10. I was having some problems with my WHMCS on a Fedora NGINX/PHP-FPM installation (based off your instructions). Turns out the PHP sessions directory /var/lib/php/session was owned by “apache” group (assuming an apache install). I had to chgrp apache /var/lib/php/session to get stuff working properly.

      Might be worth mentioning somewhere that the php-fpm package-related perms have to be updated.

      Other than that, great articles and tips. Can’t wait for them to be updated for Fedora 17! ;)

      Reply
      • Hi N,

        Thanks for this info! :)

        Yes I start test and updating all guides for Fedora 17 when Beta/Final is released… ;)

        Reply
    11. Thanks for your tutorial. Again its very useful especially nginx tip #5 and php-fpm tip #2

      All my websites are using nginx + php-fpm + mysql so I can apply your tips on my servers.

      :)

      Reply
    12. Hi, Thanks for your guidelines. It is helpful.

      Can you explain about the PHP-FPM Pools in more details..
      PHP-FPM Tip 3. – PHP-FPM Pools Configuration

      I followed your guidelines to create my second virtual host.
      I name my 2nd host as forums & using different PHP-FPM pools, name forums

      my conf files should be look like this?
      Create the files from the /etc/nginx/sites-available/forums and under the server { } I put in,

      location ~ \.php$ {
      include /etc/nginx/fastcgi_params;
      fastcgi_pass 127.0.0.1:9002;
      fastcgi_index index.php;
      fastcgi_param SCRIPT_FILENAME /var/www/forums/public_html$fastcgi_script_name;
      }

      AM i right? is this configuration able to use the 2nd PHP-FPM pools?

      Reply
      • Hi woody,

        Your configuration looks perfect! :D

        Your PHP-FPM pool listen localhost port 9002 and then you pass requests to that port…yes you are right and it should use the 2nd PHP-FPM pools. :)

        Reply
    13. Thank you man. Successfully installed nginx. But php_cgi :) Does the difference?

      Reply
      • Hi Ahmet,

        You are welcome! :)

        Reply
    14. Hi JR, Thanks :)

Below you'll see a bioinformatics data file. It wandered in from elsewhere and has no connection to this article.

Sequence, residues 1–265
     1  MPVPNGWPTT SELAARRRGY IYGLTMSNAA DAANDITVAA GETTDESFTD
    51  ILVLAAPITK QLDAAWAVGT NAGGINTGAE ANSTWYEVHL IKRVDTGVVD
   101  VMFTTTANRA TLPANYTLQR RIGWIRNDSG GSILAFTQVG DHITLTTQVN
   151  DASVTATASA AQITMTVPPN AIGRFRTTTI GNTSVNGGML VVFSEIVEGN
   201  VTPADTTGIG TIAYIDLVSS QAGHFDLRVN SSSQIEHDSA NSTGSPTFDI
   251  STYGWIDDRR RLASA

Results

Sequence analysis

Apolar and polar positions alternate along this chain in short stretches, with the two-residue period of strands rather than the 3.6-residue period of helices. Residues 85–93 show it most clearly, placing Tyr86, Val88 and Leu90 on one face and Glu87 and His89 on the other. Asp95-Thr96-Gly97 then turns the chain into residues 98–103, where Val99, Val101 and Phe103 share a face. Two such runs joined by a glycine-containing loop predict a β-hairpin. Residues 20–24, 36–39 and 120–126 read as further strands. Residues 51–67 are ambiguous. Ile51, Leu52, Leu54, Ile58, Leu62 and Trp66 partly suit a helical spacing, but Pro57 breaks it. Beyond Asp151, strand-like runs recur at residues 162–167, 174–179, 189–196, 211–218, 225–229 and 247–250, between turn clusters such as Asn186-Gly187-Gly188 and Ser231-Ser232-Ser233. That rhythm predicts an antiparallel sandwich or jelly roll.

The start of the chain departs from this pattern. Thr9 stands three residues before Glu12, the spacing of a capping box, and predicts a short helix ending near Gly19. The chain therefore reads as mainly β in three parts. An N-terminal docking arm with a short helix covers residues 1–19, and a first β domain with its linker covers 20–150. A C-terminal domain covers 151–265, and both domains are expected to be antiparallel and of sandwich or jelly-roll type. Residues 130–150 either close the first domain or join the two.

I need your help to clarify the code below, kinda confuse about the code below,


      location / {
      index index.html index.htm index.php;
      }


      location ~ \.php$ {
      include /etc/nginx/fastcgi_params;
      fastcgi_pass 127.0.0.1:9000;
      fastcgi_index index.php;
      fastcgi_param SCRIPT_FILENAME /srv/www/testsite.local/public_html$fastcgi_script_name;
      }

      The location / and location ~ \.php$
      What is that actually means?
      Besides that, how do we know, the php-fpm is running on every request from php?
      Is there any tools to test?

      Need your advice. :) really appreciate it ~

      Reply
    15. Hi JR ,

      Thanks for the tips , i am going to try and implement these settings now on our server .

      With the above mentioned settings and below mentioned hardware configs : what kind of load can the server take : approximately how many visitors a minute or per day :

      CentOS 5.7
      NGINX
      8 Gb RAM ( my full ram keeps running out of memory with just 1000 visitors)

      We went live for an hour this morning and we kept crashing with the following error:

      Too many connections to php-fpm. Server is reaching pm.max_children value.

      Then our server admins did a hard reboot on the server , and our drive started getting mounted on read-only mode.

      And then we were forced to run a FSCK ! We are down 8 hours and counting right now.

      Wish we could hire you as consultant to setup our system and let our admins maintain it time to time. If you are up for it , please hit us up on the email mentioned above.

      Reply
      • Hi Karan,

        Do you run just Nginx and PHP-FPM on that server?

        I think that 8 Gb RAM with good network connection and processor(s) should be enough to handle very huge amount of traffic.

        Could you post output of following commands from your server (example to pastebin.com):

        
        cat /proc/cpuinfo
        
        cat /etc/nginx/nginx.conf
        
        cat /etc/php-fpm.conf
        
        cat /etc/php-fpm.d/*.conf
        
        php -i
        
        ## when server running normally ##
        ps aux |grep -e php -e nginx
        
        free -m
        
        grep -e WARNING -e ERROR /var/log/php-fpm/*.log
        

        Let’s check first if I can help you just with seeing this info… ;)

        Reply
          • Thanks Karan,

            Your server looks very good. :)

            Actually Nginx configuration looks good to me (4 worker processes should be enough, but 8 is also okay with your server) and PHP-FPM need some configuration.

            Let’s do some calculation…if you have 8 Gb memory and let’s use now 4 Gb for PHP-FPM. This is a rough estimate, but let’s say that your PHP-FPM processes use 66 Mb RAM (is not so much really I think) and you have 4 Gb RAM to use.
            4096 / 66 = 62.06

            Based on this theory, it should be safe to set:

            
            pm.max_children = 62
            pm.start_servers = 8
            pm.min_spare_servers = 8
            pm.max_spare_servers = 16
            pm.max_requests = 250
            

            And also enable following settings for PHP-FPM:

            
            emergency_restart_threshold 10
            emergency_restart_interval 1m
            process_control_timeout 10s
            

            I recommend you to backup your config before doing anything, if something goes wrong then you can very easy switch back to your original config… :) After config change remember restart PHP-FPM… :)

            You can monitor your php processes with top, htop or even with following command:

            
            watch -n 2 'ps aux |grep php'
            
            Reply